Critical Technology Needs
Current commercialization efforts are constrained by technology needs in three areas: the lack of thorough and diverse exploration protocol for identifying deposits where hydrate is concentrated and has resource potential, the lack of proven technology for commercial-scale production, and the lack of an environmental impact assessment protocol. All three of these areas are being addressed by the current gas hydrate programs, particularly the U.S. and Japanese programs.
The most important “next step” will be the industry-scale production test planned for Alaska. If commercially viable flow rates are achieved, the reservoir could be quickly developed to supply gas for local use. This result would likely lead to a much greater interest and investment by industry. Current budget constraints could delay the test, however.
Environmental and Geohazard Issues
Potential hazards associated with production of natural gas from hydrate include ground subsidence, methane release, slope instability, and water and sand production. Initial studies have indicated that these issues can be mitigated; however, modeling and field validation of mitigation strategies are needed.
An additional area of interest is the opportunity for sequestering carbon dioxide as a subsurface hydrate. ConocoPhillips is investigating the possibility of using the chemical exchange of carbon dioxide for methane in hydrate-bearing reservoirs. In addition to producing natural gas without dissociating the hydrate, this technology would result in stable, long-term sequestration of carbon dioxide.
EMD Technical Sessions and Publications
A Gas Hydrate poster session was presented at the 2009 AAPG annual meeting in Denver. The publication from the 2004 Hedberg Research Conference is in press and will be available in 2010 as AAPG Memoir 89, with the title “Natural Gas Hydrates -- Energy Resource Potential and Associated Geologic Hazards”. The memoir includes an extensive summary of gas hydrate occurrence, and technology.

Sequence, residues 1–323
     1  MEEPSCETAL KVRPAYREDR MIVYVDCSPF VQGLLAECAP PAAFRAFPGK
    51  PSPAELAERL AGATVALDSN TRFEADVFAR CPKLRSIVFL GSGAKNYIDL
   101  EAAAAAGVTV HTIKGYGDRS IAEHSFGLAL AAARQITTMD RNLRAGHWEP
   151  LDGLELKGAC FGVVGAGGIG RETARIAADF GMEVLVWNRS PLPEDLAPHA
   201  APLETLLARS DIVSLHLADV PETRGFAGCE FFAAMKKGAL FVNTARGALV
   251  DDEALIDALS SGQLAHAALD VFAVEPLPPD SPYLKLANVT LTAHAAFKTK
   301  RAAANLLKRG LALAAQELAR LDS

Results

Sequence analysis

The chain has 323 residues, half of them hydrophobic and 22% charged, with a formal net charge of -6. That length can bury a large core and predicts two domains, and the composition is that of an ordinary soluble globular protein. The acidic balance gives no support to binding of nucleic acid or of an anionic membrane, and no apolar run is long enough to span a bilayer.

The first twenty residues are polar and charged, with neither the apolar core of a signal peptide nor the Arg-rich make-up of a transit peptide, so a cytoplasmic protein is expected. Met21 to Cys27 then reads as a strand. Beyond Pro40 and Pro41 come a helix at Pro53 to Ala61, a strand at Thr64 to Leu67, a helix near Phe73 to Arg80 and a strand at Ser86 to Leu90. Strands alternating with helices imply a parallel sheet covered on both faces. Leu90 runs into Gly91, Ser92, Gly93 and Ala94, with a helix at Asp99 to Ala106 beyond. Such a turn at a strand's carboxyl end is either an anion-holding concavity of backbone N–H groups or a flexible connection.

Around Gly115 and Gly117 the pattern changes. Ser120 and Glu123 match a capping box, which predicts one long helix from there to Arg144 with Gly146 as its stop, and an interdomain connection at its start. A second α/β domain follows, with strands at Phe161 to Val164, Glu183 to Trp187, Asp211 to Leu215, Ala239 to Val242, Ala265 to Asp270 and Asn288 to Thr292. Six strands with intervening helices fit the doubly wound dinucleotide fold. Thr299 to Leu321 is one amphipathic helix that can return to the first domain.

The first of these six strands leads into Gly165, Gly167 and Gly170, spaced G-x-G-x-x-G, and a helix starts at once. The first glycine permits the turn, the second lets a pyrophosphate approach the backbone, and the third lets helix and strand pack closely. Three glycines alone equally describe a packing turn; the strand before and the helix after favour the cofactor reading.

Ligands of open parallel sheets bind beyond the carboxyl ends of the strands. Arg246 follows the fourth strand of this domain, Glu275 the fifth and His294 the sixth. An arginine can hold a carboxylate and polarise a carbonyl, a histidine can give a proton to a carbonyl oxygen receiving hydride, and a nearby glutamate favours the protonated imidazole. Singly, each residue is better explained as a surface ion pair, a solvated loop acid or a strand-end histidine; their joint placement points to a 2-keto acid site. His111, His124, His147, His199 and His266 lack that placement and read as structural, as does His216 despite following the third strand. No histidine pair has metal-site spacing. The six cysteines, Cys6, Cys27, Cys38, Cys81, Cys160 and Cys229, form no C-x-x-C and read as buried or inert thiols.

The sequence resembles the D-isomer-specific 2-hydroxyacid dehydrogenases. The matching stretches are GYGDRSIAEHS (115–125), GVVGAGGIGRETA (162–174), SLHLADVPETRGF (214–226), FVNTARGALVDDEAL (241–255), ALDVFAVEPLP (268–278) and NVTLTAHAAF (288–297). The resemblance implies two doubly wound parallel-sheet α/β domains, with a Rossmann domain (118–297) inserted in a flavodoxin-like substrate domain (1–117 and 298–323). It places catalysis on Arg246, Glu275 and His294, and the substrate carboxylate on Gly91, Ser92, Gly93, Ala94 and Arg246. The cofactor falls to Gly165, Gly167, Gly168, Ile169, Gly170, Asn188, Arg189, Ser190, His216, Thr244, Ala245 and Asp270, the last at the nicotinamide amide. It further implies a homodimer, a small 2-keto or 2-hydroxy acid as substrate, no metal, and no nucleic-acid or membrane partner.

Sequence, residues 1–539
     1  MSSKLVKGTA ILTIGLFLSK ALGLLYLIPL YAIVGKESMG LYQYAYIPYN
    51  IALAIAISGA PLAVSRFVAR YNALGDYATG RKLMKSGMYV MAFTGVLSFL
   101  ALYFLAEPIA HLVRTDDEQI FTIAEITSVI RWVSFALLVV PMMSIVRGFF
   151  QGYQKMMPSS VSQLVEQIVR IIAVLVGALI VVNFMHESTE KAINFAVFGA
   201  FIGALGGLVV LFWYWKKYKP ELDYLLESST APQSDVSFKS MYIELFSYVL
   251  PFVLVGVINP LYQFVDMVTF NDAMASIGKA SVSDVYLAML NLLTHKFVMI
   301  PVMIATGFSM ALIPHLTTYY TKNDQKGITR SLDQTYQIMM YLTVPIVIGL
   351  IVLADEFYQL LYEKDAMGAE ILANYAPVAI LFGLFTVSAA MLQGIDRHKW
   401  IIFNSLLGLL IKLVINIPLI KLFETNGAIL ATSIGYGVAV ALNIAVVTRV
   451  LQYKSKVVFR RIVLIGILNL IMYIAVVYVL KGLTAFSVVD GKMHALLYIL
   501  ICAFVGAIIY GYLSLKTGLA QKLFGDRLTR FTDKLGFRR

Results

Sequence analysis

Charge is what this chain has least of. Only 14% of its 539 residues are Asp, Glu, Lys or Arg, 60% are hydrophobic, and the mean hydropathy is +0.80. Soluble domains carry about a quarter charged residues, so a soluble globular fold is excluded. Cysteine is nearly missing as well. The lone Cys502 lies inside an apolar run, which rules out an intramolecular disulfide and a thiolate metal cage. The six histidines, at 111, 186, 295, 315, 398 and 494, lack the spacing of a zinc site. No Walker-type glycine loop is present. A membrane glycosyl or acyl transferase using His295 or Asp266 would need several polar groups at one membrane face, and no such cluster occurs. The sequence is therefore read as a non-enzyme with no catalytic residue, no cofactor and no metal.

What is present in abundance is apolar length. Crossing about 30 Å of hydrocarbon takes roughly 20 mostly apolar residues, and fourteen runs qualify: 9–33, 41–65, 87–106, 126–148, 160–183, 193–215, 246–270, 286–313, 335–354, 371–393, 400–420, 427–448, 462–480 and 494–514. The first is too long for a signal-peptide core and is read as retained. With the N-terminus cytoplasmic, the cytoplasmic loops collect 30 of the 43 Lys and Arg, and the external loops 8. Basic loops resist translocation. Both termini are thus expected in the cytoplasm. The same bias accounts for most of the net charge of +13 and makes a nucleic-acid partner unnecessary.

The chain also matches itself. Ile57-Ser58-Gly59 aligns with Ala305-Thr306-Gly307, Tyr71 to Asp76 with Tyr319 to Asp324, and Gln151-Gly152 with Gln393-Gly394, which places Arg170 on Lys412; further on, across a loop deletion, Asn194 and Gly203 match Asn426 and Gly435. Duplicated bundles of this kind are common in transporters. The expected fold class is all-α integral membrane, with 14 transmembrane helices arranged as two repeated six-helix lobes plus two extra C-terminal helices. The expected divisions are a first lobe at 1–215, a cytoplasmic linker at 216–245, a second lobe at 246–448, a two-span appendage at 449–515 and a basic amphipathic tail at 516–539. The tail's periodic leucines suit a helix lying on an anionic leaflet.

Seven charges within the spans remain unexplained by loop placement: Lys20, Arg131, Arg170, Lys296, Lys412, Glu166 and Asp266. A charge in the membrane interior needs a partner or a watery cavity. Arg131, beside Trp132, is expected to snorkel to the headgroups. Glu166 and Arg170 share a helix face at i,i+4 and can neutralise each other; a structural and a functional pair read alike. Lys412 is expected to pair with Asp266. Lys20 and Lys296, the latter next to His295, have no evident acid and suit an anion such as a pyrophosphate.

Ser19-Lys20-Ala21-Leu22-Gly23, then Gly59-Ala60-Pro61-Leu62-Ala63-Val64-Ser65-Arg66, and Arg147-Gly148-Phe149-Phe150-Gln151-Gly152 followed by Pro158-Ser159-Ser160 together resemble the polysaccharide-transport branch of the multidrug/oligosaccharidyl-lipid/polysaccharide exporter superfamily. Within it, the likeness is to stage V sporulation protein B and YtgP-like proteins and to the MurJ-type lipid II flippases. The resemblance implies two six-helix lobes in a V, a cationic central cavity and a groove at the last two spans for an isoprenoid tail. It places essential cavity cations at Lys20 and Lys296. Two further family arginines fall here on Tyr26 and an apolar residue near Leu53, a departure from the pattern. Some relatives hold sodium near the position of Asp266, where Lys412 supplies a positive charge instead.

For a complete version of the above, see the Committee’s Annual Report (May 2013) on the EMD Members Only page (log-in required).
If you would like to learn more about gas hydrates or to receive information on gas hydrates, or on activities of the EMD Gas Hydrates Committee, join the EMD http://emd.aapg.org/emdApplication.pdf . If you are already an EMD Member, see “Members Only Page” http://emd.aapg.org/members_only/gashydrates/index.cfm for updates on gas hydrates, for links to technical information on gas hydrates, and for related environmental information that may impact gas hydrates.
For further information on this committee’s activities, go to the Members’ Only Web page or contact:
Arthur H. Johnson, Chair
Phone: (504) 464-6208
|May 2010:||Safe, clean, sustained production is goal - Hydrates Face Key Test on North Slope
EMD Column by Art Johnson
|May 2004:||Fire and Ice for the Future EMD: Hydrates, Coal Gas Hold Promise
EMD Column by Charles G. “Chip” Groat
|November 2003:||MacKenzie Delta Production Tests Positive, Gas Hydrate Research Advances
EMD Column by Art Johnson and Tim Collett